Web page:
3

I was taught in primary school that a common noun refers to a thing, idea, person, etc. whereas a proper noun refers to a specific thing, idea, person, etc. and that when referring to specifics and proper nouns, the words were always capitalised.

The way I see it, the Oxford comma is a specific type of a thing (comma), hence a proper noun, ergo capitalisation for both words.

A theoretical example of this is Tom's ball. If Tom owns a ball, it is not capitalised. However, when he prints a new pattern on many balls of the same variety and gives them to his friends, he would call it a Tom Ball, rather than a Tom ball, right?

Why is this not the case for the Oxford comma, seeing it is not Oxford's comma?

I would appreciate if you could also make reference to the example I used in the question in your answer to further assist me in understanding.

  • 1
    Oxford is a proper noun; a comma is not. Hence it's an Oxford comma or a serial comma. – Elliott Frisch Apr 20 '16 at 0:48
  • When would 'comma' be acceptable as a proper noun, if ever? For instance, in the term 'Big Mac', 'big' is a common adjective made into a proper adjective. I assume it is due to trademark? – cgde Apr 20 '16 at 0:49
  • Perhaps if it were an artwork? Like The Bean. Name your kid Comma? – Elliott Frisch Apr 20 '16 at 1:01
  • Capitalize it and it should be part of a name / title. Don't and people will take it for the word that it is. – candied_orange Apr 20 '16 at 3:37
  • 2
    It's more like a Fedex truck. – Jim Apr 20 '16 at 3:55
1

The term Oxford comma is simply a common noun (comma) modified by a proper place name (Oxford). The term alludes to the fact that Oxford University Press has long enforced the style rule of including a serial comma after the penultimate term in a parallel series of words or phrases—for example, after the word comma in the following sentence:

Darcy had always had a weakness for Philadelphia lawyers, Oxford commas, and Boston baked beans.

Since the term is Oxford comma is not proprietary, and since comma doesn't become a proper noun merely by association with a proper place name next door, there is no reason to capitalize it as Oxford Comma—any more than there is reason to capitalize anything but the place name in Philadelphia lawyer or Boston baked bean.

Bryan Garner, Garner's Modern American Usage, second edition (2003), has this to say about the Oxford comma as one of the nine main uses of commas:

First, the comma separates items (including the lat from the next to last) in a series of more than two—e.g. "The Joneses, the Smiths, and the Nelsons." In this position, it's called, variously, the serial comma, the Oxford comma, or the Harvard comma.

Garner's book was published by Oxford University Press, which has as much reason as any other entity to claim a proprietary interest in "the Oxford comma." Consequently, the fact that Garner leaves comma lowercase in his mention of "the Oxford comma" strongly suggests that OUP has never viewed the entire term as a proper name. And that's just as well, if the alternative might be a squabble between Oxford and Harvard over their competing claims to the punctuation rule.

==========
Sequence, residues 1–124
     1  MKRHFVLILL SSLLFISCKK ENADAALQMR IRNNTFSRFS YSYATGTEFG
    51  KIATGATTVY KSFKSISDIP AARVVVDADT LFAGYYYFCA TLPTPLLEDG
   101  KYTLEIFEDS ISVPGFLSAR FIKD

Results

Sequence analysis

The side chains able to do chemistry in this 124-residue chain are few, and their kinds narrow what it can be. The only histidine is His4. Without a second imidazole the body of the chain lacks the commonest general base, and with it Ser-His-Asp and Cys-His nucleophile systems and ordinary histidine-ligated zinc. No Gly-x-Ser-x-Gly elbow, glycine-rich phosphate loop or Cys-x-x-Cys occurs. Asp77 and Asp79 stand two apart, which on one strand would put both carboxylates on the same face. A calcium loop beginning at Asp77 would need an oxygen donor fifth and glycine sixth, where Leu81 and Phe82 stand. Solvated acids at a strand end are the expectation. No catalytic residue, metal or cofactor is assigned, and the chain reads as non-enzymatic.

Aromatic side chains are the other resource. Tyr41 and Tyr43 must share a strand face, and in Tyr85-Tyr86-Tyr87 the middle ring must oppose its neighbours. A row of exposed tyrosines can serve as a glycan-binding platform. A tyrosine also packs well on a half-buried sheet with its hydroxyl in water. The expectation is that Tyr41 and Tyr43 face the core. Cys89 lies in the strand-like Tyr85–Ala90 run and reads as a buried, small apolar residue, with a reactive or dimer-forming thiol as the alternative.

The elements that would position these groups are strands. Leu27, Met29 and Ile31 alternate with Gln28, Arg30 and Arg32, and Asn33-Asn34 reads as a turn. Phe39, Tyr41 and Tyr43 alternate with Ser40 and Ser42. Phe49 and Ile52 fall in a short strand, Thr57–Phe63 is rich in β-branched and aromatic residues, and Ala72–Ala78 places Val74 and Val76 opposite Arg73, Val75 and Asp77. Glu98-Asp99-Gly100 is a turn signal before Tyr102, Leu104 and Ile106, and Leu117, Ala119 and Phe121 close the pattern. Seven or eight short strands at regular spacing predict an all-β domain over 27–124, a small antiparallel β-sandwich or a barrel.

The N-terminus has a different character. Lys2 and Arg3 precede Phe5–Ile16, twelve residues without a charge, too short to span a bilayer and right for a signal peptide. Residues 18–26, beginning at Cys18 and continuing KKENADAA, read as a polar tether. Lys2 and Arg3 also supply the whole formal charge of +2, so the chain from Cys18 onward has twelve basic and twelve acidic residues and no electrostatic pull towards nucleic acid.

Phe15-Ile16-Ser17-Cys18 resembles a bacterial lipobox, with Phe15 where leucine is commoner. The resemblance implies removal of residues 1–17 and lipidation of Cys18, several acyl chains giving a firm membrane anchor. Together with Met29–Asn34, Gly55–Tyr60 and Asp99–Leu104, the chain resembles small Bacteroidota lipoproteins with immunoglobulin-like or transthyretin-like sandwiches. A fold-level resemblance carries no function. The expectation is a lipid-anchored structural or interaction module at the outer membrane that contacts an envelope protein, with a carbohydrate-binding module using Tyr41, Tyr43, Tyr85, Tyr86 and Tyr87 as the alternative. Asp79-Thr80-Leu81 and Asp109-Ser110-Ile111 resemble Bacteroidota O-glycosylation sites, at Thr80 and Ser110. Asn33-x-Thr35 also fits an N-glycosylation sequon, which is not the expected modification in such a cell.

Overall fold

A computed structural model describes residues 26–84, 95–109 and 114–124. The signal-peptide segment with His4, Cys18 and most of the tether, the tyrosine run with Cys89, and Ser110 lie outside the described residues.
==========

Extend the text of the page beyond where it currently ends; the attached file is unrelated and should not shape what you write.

0

The proper noun Oxford is used as modifying noun to modify comma. As you said there is not a single comma that is referred to, but a comma of the Oxford variation is referred. Thus, an Oxford comma. The same happens with a Beethoven symphony. As you can see, putting an indefinite article in front of it doesn't seem odd. It shows that the proper nouns (or even proper names) Oxford and Beethoven are just modifying the following noun.

Have a look at this question regarding articles and proper nouns. If you consider undisputed proper nouns like Royal Air Force, Italy, Mozart you will notice that you don't use the phrase Oxford comma the same. Using an indefinite article before them would refer to a notion of it in another time or state or using them as representative of a notion.

It was a Royal Air Force in pitiful condition.

The speech presented an Italy of the Future.

The young girl played like a future Mozart.

On the other hand the sentence, I put an Oxford comma in there, does no such thing if you take Oxford comma together as noun. It's just a noun phrase with the proper name Oxford modifying the common noun comma.

  • But we usually say Rubik's Cube and not Rubik's cube, and this is treated in the same way as Oxford comma. But I agree that the difference is that a Rubik's Cube is viewed a proper noun (it's probably a copyrighted name), but an Oxford comma is viewed as a special kind of comma. – Peter Shor Sep 14 '16 at 15:36

Your Answer

By clicking “Post Your Answer”, you agree to our terms of service, privacy policy and cookie policy

Not the answer you're looking for? Browse other questions tagged or ask your own question.